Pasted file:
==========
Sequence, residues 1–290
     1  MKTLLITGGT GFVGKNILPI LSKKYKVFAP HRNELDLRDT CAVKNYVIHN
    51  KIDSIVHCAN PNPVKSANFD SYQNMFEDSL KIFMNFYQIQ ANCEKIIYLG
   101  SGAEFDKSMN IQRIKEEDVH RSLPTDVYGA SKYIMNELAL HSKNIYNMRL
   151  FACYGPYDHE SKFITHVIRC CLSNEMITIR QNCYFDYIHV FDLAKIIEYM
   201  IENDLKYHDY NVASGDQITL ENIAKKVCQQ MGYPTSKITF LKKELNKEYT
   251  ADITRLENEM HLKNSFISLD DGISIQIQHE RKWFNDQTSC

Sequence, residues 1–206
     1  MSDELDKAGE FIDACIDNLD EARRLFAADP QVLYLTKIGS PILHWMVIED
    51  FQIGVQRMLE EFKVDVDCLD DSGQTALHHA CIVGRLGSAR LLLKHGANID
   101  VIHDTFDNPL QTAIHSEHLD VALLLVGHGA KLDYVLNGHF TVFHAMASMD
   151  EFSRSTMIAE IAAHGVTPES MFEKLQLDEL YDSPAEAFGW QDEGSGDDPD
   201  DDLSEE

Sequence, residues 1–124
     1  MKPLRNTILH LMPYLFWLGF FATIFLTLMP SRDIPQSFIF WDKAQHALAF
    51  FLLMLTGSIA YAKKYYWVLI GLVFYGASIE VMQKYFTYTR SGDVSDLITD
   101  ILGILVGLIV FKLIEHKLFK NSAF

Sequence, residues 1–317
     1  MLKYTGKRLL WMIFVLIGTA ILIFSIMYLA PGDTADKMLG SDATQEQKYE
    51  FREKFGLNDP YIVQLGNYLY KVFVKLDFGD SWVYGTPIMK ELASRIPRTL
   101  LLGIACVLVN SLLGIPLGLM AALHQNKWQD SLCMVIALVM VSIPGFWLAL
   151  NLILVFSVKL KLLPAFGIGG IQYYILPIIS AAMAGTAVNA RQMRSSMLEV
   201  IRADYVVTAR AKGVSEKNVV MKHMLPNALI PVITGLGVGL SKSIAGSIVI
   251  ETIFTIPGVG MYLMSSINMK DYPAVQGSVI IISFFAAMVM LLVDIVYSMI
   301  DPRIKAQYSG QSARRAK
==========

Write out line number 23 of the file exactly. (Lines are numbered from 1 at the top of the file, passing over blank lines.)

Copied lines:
   201  IRADYVVTAR AKGVSEKNVV MKHMLPNALI PVITGLGVGL SKSIAGSIVI